FERC transmission planning, cost allocation rule fails to ensure consumers receive lowest reasonable cost, may lead to discriminatory rates, override local decisions, says Coalition for Fair Transmission Policy
August 5, 2011
– The Federal Energy Regulatory Commission's final rule on transmission planning and cost allocation could force consumers to pay for unneeded transmission facilities, according to the Coalition for Fair Transmission Policy. The Coalition also said the rule could override locally-formulated state and utility resource decisions, undercutting consumers' environmental and economic concerns.
The Commission's final rule retains many of the flaws that marred earlier drafts, according to the Coalition. The utility group remains especially concerned that FERC's action on cost allocation fails to ensure local consumers will receive the lowest reasonable cost, which will make it difficult for FERC to find that rates are just and reasonable and not unduly discriminatory or preferential, as required by the Federal Power Act.
The final rule ignores multiple comments recommending that entities responsible for meeting state and federal public policy requirements and the state regulatory commissions overseeing them should decide how best to meet those mandates. Instead, the rule allows regions to develop planning processes as they see fit, possibly shifting costs among states or sub-regions.
The Coalition continues to believe transmission planning and siting are best decided by state and local authorities and utilities knowledgeable about local consumer needs and concerns. Any transmission plans developed by regional entities must be based on the expressed needs of local utilities that require new or expanded transmission service to meet reliability, economic or other public policy requirements.
The Coalition also noted that FERC's rule does not define "benefits," with regions expected to create their own definitions in compliance filings. Defining "benefits" broadly could ultimately undermine the "beneficiaries pay" principle that the FERC order explicitly endorsed. Also, this final rule does not explicitly require measurable savings that justify cost-allocation to customers. FERC's Midwest ISO MVP order last year socializing the costs of certain new transmission lines across 13 states demonstrates that costs can be unfairly allocated if there is no requirement that benefits be demonstrated.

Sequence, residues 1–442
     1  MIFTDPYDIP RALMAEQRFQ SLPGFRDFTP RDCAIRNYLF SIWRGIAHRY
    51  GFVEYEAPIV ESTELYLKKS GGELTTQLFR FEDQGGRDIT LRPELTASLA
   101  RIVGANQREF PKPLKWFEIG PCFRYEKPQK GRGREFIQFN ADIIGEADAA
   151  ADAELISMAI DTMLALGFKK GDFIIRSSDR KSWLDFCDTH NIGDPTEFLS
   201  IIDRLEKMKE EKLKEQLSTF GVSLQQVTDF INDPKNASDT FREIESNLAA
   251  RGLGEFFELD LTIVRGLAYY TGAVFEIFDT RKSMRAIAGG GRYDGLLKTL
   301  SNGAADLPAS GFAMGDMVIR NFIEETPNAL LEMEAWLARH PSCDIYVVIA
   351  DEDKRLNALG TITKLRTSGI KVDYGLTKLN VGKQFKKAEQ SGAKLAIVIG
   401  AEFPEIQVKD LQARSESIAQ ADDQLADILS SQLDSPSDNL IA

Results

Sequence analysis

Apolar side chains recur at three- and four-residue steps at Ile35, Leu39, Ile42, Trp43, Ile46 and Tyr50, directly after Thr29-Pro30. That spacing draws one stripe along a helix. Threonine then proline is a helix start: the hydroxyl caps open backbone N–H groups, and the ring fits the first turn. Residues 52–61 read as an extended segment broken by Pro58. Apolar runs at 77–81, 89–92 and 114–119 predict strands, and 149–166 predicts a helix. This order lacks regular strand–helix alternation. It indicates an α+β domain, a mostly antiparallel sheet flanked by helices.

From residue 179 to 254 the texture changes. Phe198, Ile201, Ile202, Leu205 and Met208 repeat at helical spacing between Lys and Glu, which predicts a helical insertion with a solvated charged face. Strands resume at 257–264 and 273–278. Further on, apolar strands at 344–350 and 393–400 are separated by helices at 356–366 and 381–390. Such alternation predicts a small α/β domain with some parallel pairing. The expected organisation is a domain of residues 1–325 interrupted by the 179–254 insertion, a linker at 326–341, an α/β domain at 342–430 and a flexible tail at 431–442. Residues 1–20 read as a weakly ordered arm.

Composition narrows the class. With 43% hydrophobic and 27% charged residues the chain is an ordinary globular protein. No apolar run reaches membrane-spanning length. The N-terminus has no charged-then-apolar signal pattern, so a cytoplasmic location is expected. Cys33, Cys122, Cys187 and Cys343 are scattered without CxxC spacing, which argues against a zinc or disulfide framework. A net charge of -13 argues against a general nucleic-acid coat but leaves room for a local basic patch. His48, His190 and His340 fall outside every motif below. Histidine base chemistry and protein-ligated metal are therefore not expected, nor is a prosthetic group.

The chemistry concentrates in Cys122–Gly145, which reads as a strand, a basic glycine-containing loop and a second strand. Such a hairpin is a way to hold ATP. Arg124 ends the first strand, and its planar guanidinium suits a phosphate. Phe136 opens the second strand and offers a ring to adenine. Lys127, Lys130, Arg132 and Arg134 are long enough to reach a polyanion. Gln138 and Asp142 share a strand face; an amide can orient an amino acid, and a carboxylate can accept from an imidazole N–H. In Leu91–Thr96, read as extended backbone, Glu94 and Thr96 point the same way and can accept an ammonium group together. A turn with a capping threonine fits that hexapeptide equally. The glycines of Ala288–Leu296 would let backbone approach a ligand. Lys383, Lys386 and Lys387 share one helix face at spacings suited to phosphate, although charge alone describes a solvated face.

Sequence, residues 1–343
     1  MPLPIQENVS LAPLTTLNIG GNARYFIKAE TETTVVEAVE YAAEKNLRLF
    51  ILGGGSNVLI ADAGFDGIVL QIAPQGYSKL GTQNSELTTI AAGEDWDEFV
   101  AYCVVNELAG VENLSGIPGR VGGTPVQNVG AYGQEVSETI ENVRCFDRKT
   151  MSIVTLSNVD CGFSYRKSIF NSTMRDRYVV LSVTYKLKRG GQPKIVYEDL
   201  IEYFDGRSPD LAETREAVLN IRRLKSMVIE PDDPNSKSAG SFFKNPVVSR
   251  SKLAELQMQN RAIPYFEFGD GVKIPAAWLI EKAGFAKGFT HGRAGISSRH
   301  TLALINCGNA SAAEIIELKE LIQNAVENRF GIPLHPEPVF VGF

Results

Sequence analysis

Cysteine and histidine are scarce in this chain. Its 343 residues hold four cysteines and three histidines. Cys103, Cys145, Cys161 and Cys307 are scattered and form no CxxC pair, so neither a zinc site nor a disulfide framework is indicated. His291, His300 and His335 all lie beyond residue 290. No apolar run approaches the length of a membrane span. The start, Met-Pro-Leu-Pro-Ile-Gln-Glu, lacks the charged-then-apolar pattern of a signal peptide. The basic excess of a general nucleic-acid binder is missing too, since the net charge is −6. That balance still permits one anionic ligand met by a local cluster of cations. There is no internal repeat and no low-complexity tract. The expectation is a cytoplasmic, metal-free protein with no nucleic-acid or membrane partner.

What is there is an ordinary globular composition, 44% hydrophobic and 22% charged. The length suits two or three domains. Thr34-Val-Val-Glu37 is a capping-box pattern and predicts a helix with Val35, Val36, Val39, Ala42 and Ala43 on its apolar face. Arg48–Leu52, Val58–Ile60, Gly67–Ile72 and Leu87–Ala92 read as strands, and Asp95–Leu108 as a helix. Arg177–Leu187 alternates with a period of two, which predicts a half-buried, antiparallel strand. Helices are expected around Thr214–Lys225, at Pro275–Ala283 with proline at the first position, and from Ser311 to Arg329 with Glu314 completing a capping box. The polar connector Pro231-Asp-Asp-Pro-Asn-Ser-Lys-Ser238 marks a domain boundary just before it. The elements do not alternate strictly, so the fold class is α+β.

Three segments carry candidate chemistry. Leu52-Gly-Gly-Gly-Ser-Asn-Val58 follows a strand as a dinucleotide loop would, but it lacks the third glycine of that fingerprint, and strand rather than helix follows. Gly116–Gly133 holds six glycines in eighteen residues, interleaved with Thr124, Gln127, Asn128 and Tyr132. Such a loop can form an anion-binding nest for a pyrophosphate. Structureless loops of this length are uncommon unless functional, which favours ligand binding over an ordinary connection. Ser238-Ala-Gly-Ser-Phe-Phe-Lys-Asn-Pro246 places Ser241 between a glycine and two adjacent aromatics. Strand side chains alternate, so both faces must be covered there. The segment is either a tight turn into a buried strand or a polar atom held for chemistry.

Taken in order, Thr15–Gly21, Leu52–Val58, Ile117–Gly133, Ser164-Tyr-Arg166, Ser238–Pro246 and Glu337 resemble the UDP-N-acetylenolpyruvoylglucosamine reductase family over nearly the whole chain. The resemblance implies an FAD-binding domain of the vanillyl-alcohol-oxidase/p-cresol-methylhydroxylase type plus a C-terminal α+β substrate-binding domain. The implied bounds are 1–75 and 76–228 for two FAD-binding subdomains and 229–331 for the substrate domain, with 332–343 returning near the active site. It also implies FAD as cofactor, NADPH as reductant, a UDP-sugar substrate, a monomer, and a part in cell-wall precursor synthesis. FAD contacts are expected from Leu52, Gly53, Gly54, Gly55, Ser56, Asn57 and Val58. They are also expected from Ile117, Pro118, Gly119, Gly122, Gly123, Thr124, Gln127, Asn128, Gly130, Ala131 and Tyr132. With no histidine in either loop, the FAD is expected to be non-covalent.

The Coalition remains concerned that the Order could favor costly long-distance transmission of remote renewable resources over less expensive and greener local resources. Moreover, regions have received only limited guidance as to what definitions of benefits and beneficiaries will ultimately be accepted as just and reasonable by FERC under the Federal Power Act, until after compliance filings are decided.
Finally, FERC's approach permits the allocation of costs for new transmission within a region even to some consumers receiving no electricity from the project. Someone else will decide whether those consumers benefit from a project not otherwise needed for reliability purposes, even if the project was opposed by utilities being allocated costs and the suggested "benefits" are not really needed or desired by the supposed "beneficiaries". The potential problem is compounded by the lack of any limitations on how regions may define benefits.
The Coalition plans to continue its advocacy against placing unfair electricity cost burdens on consumers. The CFTP believes Congress should consider the energy policy implications of this important final rule as an essential part of the national energy policy debate.
The Coalition's eight members are CMS Energy Corporation, Consolidated Edison, Inc., DTE Energy Company, Progress Energy Inc., Public Service Enterprise Group, SCANA Corporation, Southern Company and United Illuminating Company. More than 28 percent of U.S. electric customers, representing 26 states, are served by utilities and companies that are either formal members of the Coalition or are on record supporting the group's goals. For more information, visit the Coalition's web site, www.fairtransmission.org.